The third book of the final volume of The League of Extraordinary Gentlemen has been difficult reading. The first two collected volumes remain up there with my favourite ever comics. But most of what’s followed has, in my opinion, been heart-wrenchingly disappointing. Unfortunately, this last hope for the series doesn’t manage anything extraordinary, and any hope we had for the series in our 1910 review has been well and truly extinguished. It’s a tragic disappointment.
On the bright side, at least we get some closure. In this book we see Prospero, much hinted at in previous volumes as one of the original members of the League, showing up to orchestrate the action. We also find out who the villain of the piece is – a thinly-veiled Harry Potter, turned into an anti-Christ by Moore, perhaps as a snipe at his old enemy Time Warner.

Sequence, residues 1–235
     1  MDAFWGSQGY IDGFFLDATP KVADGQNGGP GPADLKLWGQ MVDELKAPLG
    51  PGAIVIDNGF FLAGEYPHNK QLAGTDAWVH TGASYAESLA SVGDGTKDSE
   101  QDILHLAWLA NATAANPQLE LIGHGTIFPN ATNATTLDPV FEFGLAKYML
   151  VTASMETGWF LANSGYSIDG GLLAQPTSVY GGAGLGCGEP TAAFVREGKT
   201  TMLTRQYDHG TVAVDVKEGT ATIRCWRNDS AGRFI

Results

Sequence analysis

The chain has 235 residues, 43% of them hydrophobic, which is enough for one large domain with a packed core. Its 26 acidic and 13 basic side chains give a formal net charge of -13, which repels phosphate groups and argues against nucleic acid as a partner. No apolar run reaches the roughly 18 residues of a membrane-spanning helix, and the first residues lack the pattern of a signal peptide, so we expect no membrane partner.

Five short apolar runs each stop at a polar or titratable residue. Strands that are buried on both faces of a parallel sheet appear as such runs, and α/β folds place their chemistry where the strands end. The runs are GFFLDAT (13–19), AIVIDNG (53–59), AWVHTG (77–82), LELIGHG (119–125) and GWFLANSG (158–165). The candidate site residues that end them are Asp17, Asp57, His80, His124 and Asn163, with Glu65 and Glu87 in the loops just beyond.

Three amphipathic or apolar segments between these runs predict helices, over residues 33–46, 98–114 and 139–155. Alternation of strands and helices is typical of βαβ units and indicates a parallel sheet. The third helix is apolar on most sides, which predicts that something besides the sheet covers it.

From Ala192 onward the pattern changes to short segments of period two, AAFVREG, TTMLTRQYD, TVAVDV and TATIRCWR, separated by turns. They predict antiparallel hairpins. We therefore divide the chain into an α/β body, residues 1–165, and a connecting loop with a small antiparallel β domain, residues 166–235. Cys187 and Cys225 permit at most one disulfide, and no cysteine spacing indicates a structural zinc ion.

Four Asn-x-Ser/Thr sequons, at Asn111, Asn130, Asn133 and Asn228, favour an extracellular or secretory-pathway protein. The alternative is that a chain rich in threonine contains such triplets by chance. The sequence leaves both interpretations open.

Perhaps it’s this bitterness, or Moore’s curmudgeonly belief that modern culture has become vacuous and unworthy of his adventurers’ interaction, that makes this not-so-grand finale such a disappointment. Whatever the reason, it just doesn’t feel like his heart is in it any more. The League is whittled down to three, even the characters seem to be going through the motions, and all the life, depth and enthusiasm that have characterised Moore’s finest moments are sadly lacking here.
If you’ve already walked down the Century road and bought the previous two books, then it might be worth checking this out, for the sake of completeness. However, I suspect you’ll probably join me in wishing that Moore had buried the League after Volume 2.